Here are the July mobile browser stats. The StatCounter change has been fully integrated, which means we’re back to normal but with a few extra browsers in the long tail.
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The main news this month is that Android finally passes Nokia and becomes the third-largest mobile browser. It has taken its time; I’ve been expecting this ever since April or so.
Other than that not much happens. NetFront wins a point after recovering from a StatCounter bug and is back to its customary 4%; Opera loses a point but is still clearly ahead of Safari for the second month in a row, and there are some minor changes at the bottom of the market.
All in all yet another boring month.
|Browser||July 2011||ch||June 2011||Remarks|
|Opera||22%||-1||23%||Mini and Mobile combined|
|Safari||20%||0||20%||iPhone and iPod Touch. iPad not included.|
|Android||18%||+1||17%||Includes 2.x tablets|
|Obigo||1%||0||1%||For LG phones as well as Brew MP. Version 10 is WebKit-based|
|Jasmine||1%||0||1%||Samsung NetFront-based and early WebKit-based|
|UC||1%||0||1%||Chinese proxy browser|
|Samsung||1%||+1||0||Samsung’s non-Android, non-Jasmine, non-Dolfin browsers|
|WebKit||57%||0||57%||Safari, Nokia, Android, Dolfin, 10% of BlackBerry|
|Mobile||7%||0||7%||Mobile browsing as percentage of all browsing|
Let’s spice things up by doing a year-over-year comparison for July. The main conclusion must be that Android won an immense amount of market share, and that most of it comes form Opera and Safari. Surprising.
|Browser||July 2011||ch||July 2010||Remarks|
|Opera||22%||-2||24%||Mini and Mobile combined|
|Safari||20%||-4||24%||iPhone and iPod Touch. iPad not included.|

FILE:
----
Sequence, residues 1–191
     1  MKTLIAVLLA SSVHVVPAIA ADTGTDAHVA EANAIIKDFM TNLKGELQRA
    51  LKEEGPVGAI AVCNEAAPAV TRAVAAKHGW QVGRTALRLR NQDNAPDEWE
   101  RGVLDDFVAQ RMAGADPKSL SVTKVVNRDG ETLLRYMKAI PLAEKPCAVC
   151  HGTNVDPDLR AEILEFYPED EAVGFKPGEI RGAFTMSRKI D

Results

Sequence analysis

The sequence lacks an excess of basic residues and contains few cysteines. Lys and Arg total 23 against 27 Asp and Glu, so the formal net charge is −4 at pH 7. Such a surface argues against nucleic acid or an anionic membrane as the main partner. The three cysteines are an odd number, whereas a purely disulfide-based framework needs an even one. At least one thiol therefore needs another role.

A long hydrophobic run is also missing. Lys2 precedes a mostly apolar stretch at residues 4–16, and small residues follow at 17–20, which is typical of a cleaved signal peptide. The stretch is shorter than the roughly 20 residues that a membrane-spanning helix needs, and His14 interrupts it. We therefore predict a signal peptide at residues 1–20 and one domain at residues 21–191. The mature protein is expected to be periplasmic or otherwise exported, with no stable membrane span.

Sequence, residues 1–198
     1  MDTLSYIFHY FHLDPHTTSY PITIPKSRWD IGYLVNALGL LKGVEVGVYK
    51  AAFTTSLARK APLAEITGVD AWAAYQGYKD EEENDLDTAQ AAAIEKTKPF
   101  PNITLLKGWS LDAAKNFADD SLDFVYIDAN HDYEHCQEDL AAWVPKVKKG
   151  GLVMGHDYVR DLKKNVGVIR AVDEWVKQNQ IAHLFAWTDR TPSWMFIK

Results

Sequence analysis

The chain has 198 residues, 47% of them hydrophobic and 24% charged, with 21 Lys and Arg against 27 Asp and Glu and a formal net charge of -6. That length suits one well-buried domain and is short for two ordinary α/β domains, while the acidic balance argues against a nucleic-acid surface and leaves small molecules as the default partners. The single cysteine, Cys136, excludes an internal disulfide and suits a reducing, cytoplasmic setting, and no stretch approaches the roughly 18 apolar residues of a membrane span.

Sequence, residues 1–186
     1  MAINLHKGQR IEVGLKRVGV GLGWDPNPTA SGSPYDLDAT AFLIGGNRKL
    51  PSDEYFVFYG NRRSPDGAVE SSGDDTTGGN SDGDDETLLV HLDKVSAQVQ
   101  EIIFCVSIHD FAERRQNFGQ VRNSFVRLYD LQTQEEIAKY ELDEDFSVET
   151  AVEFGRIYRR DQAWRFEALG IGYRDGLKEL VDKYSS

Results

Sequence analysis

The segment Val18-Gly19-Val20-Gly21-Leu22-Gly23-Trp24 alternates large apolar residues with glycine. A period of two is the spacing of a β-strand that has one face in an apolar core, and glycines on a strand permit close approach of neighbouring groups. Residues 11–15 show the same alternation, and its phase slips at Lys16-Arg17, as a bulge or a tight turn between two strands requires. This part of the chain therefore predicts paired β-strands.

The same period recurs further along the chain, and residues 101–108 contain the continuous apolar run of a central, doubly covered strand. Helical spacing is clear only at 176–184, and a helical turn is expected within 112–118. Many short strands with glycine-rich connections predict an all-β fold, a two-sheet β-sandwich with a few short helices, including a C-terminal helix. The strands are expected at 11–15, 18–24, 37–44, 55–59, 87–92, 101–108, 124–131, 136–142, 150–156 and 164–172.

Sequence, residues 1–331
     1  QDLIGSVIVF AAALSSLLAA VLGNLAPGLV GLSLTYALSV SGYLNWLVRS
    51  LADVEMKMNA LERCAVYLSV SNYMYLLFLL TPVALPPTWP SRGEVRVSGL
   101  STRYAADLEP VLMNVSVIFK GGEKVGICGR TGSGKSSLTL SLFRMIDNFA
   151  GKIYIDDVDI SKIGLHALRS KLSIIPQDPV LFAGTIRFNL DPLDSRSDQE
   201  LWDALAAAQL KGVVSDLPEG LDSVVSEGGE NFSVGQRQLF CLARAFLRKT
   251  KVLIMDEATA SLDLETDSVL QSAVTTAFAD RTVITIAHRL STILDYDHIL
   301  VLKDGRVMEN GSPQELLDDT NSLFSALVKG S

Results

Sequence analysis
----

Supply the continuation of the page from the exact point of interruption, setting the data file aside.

|Android||18%||+10||8%||Includes 2.x tablets|
|Samsung||3%||+2||1%||Samsung’s non-Android browsers|
|UC||1%||0||1%||Chinese proxy browser|
|Sony PSP||0||-1||1%||PlayStation Portable. NetFront-based|
|Bolt||0||-1||1%||WebKit-based proxy browser|
|WebKit||57%||+7||50%||Safari, Nokia, Android, Bolt|
|Mobile||7%||+4||3%||Mobile browsing as percentage of all browsing|
More interesting is the long tail. Four browsers that still marginally made the threshold a year ago have now all but disappeared globally: Sony PlayStation, Openwave, Bolt, and Palm. Instead, the Samsung browsers, Obigo and UC now rule the long-tail roost.
Also interesting is that in one year the Big Five have retained exactly 89% of the market. The story of the past twelve months is one of the shifts within the Big Five. The other browsers don’t matter all that much — yet.
Finally, take a look at the last row. Mobile browsing has more than doubled in importance in a year: from 3% of all browsing to 7%. That’s growth.
Let’s spice up things even more and assign specific browser percentages to specific OSs. Which browser, exactly, do the Symbian users use?
This is necessarily a rough estimate; I don’t want to use fractions, and I’m not totally certain of the exact spread of Opera and NetFront among the various OSs. So what follows is only an indication.
|OS||July 2011||OS vendor||Opera||Other|
iOS and BlackBerry are easy: there is so little mismatch between OS and browser figures that other browsers (mainly Opera) don’t even make it to 1%.
Symbian and Android are also easy. There is a mismatch between OS and browser figures (in the case of Symbian a significant mismatch), but the only browser that can possibly fill it up is Opera. That accounts for 16 of Opera’s 22%; and also for Nokia’s dislike of Opera.
From here on things get more sketchy. I give the larger part of the Unknown OS to Opera, because Opera Mini does not always give platform information, which forces StatCounter to count it as Unknown. Still, I give the Other browsers a little bit, too.
As to Samsung and the other OSs, this is more guesswork than anything else. I give Opera a little share here, but the main share goes to the other browsers, especially NetFront.
I’m working with various browser vendors to get a better idea of what’s going on in the long tail of the market. I hope to be able to make better guesses next month.
I’ll be around at the following conferences: